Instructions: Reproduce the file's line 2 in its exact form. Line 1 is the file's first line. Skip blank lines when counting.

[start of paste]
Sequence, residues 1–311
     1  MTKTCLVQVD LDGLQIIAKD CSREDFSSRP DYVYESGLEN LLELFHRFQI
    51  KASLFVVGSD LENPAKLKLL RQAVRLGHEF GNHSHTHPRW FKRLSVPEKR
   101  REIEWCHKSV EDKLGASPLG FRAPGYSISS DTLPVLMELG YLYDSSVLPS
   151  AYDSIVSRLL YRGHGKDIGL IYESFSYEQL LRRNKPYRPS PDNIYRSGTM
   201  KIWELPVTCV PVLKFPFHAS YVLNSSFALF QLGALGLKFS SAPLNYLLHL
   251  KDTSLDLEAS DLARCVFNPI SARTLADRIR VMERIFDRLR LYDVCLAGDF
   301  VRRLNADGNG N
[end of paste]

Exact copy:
     1  MTKTCLVQVD LDGLQIIAKD CSREDFSSRP DYVYESGLEN LLELFHRFQI